Minutes of the ABP-LCE team meeting on 29.08.03
present: TdA, EM, FR, EV, LV, FZ
excused: DS
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(1) Stability with Space Charge and Octupoles (EM)
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EM pointed out that in his paper on the PS instability
threshold with octupoles, the space charge contribution
was neglected both in the tune spread and in the impedance
part. If he were to include these two components, the
beam would always be predicted to be stable, in contrast
to observations.
He next reviewed the classical paper by D. Moehl, who for
the 1-dimensional case showed that, depending on the
sign of the octupoles, space charge may change the
instability threshold for a coasting beam by factors
of 2 or 0.67, under certain general assumptions.
For the 2-dimensional case, only simulations were
presented in the same paper.
FR regretted that we have no validated theory for space
charge and octupoles in the LHC.
FZ mentioned that in LHC also the beam-beam interaction
could greatly influence the instability thresholds, as
it is known to be the case for either B factory.
FR asked for a complete assessment of tune shifts
and tune spreads in the LHC at injection.
(2) LCE Contribution to the LHC Design Report (FR)
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The bulk of the design report is finished and FR
presented it to the team. The sections on beam-beam
and electron cloud are complete, and the impedance
section is handled by cut-and-paste from earlier
reports by LV and others.
FR pointed out that the logics of the impedance part
is not yet clear, however. In response, LV summarized
the strategy that was adopted as follows: the high
low-frequency transverse impedance (mainly resistive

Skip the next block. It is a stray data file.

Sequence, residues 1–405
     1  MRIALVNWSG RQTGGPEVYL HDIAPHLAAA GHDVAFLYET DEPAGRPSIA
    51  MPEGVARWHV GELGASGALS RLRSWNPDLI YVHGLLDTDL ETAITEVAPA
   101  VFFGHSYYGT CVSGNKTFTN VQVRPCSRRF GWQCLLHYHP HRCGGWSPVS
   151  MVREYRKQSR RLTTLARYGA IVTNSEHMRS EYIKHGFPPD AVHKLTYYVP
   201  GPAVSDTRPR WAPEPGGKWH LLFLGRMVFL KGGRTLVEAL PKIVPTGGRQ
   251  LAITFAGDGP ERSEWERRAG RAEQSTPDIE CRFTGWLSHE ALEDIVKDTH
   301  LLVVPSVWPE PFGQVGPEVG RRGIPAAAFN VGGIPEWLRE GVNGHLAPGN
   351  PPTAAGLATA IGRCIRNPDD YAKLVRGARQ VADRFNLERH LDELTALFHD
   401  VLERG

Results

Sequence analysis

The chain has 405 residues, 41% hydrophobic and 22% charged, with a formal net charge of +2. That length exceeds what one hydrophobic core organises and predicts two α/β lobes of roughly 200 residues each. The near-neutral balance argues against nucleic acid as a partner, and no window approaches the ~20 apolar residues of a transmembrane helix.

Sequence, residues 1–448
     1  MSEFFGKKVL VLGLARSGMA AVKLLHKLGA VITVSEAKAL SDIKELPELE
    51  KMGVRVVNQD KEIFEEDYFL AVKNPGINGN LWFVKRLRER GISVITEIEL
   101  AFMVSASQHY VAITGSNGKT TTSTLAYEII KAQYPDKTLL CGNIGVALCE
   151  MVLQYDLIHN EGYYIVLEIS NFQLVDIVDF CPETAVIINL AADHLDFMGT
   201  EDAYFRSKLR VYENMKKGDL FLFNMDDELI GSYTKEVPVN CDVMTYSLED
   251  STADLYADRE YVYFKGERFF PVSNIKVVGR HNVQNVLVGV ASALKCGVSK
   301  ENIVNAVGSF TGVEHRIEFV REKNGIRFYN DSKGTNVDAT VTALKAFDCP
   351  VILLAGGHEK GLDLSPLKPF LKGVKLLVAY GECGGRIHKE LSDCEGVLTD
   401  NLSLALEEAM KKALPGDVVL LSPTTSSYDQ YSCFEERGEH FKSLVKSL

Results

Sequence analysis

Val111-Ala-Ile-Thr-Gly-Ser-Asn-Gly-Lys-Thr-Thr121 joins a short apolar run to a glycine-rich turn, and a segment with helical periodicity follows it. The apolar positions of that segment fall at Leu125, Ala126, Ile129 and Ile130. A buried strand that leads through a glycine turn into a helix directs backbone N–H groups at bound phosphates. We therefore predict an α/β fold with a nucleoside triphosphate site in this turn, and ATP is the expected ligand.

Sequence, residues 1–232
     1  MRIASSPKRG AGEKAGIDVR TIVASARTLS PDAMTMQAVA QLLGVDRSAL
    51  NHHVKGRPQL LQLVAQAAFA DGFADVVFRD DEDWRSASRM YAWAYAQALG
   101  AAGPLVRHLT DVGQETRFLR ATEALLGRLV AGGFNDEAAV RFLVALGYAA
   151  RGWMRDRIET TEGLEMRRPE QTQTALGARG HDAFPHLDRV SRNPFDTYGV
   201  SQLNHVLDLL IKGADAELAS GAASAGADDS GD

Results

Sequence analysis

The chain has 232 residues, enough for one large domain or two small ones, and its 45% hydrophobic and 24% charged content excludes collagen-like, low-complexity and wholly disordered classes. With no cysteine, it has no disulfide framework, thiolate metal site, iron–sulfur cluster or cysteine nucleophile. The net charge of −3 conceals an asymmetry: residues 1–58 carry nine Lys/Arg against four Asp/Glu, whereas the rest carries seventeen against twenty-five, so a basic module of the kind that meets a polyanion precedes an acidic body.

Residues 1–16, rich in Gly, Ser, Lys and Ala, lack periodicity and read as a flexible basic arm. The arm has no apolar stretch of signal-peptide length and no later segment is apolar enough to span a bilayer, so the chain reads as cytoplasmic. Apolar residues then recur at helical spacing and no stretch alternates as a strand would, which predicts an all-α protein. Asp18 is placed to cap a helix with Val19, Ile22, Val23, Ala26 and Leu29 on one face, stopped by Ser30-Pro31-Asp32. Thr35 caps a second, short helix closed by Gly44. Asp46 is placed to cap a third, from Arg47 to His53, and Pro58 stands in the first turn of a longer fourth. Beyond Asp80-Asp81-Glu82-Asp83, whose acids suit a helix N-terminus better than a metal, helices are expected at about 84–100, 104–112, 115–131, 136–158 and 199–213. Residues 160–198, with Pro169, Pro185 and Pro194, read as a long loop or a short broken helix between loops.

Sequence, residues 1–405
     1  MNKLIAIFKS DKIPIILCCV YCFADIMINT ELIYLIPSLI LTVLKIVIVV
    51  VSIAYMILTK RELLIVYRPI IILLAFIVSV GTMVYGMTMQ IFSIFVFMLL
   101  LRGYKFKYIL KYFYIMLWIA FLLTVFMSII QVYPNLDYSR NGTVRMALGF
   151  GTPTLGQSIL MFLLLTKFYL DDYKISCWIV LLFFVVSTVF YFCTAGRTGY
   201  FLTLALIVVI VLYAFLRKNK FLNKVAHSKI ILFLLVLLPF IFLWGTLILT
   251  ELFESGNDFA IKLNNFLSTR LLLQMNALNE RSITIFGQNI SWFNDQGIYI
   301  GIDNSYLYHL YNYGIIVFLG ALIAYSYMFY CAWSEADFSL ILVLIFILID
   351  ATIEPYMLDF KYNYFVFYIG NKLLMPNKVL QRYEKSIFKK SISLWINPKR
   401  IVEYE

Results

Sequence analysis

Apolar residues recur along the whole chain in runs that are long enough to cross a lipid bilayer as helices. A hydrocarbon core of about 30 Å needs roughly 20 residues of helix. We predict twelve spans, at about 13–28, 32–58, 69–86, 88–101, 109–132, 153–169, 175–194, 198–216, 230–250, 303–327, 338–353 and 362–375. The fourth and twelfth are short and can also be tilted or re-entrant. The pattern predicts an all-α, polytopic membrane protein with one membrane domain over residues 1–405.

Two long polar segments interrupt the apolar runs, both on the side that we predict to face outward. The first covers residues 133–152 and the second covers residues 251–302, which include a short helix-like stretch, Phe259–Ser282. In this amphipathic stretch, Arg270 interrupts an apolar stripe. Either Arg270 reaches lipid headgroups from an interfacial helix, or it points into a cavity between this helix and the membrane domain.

wall requires a transverse damper. This damper can
deal with instabilities due to other sources (pumping
holes, shielded bellows, sawtooth, collimators).
Only the emittance preservation was a concern
transversely. In the longitudinal plane there is no
feedback. The loss of Landau damping occurs at
Z/n=0.2 Ohm. Accordingly the goal of the impedance
budget was to stay below 0.1 Ohm.
Responding to a question by FZ on the role of higher
order modes. FR and LV said that most of these had been
treated in a paper by D. Angal-Kalinin and LV.
One of FR's key questions is which nonlinearity is
needed to damp higher-order head-tail or any other
single bunch modes.
LV describes that the collimator impedance is not
additive to the other impedance, since the frequency
dependence is quite different. FR remarks that the
tune shifts are additive.
The further plan is the following. FR will work full
time through the weekend and then send a final draft
to LV on Sunday afternoon. Negotations with John Poole
will likely be needed.
Two impedance tables should be included,
one referring to injection the other to collision.
Also needed is a table of tune shifts for the
different modes, or, best, a plot of their
location on the stability diagram.
The ZBASE cannot be used for this purpose, as the
underlying impedance numbers are out of date.
LV summarizes the key question: we know that LHC is
stable with feedback; the only remaining question
is whether it can be stabilized at top energy without
feedback, but using octupoles.
For most elements the transverse impedance can be
obtained by scaling from the longitudinal plane.
The design report also comprises a section on
parasitic losses. LV states that all contributions
are small compared with the collimators, for example,
the beam screen contributes some 1 MOhm/m.
FR reminds the team that heating could be important
for indivudal elements such as bellows, collimators,
and kickers. To estimate these, the resistive part
of the impedance is needed for the various
elements. This will be provided by LV.
(3) Other Items
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There was a pending action item, whether the ALS
could measure the photon backscattering as part
of the US LHC contributions. FZ has not
yet contacted M. Furman. Recently, Noel Hilleret
recalled that similar results by R. Cimino may
already have been published at this year's Berlin
conference. He is investigating this possibility.
LV shows the first page of his report SPS-87-4 (MAS)
where he found the same factor of 2 as D. Moehl.
Since predictions using this factor gave excellent
agreement with observations both in the PS and in
the SPS collider, he urges a re-assessment.
EM then explains how the factor of 2 came about
in D. Moehl's paper, and why it appears to be wrong
(a confusion between amplitude and rms amplitude).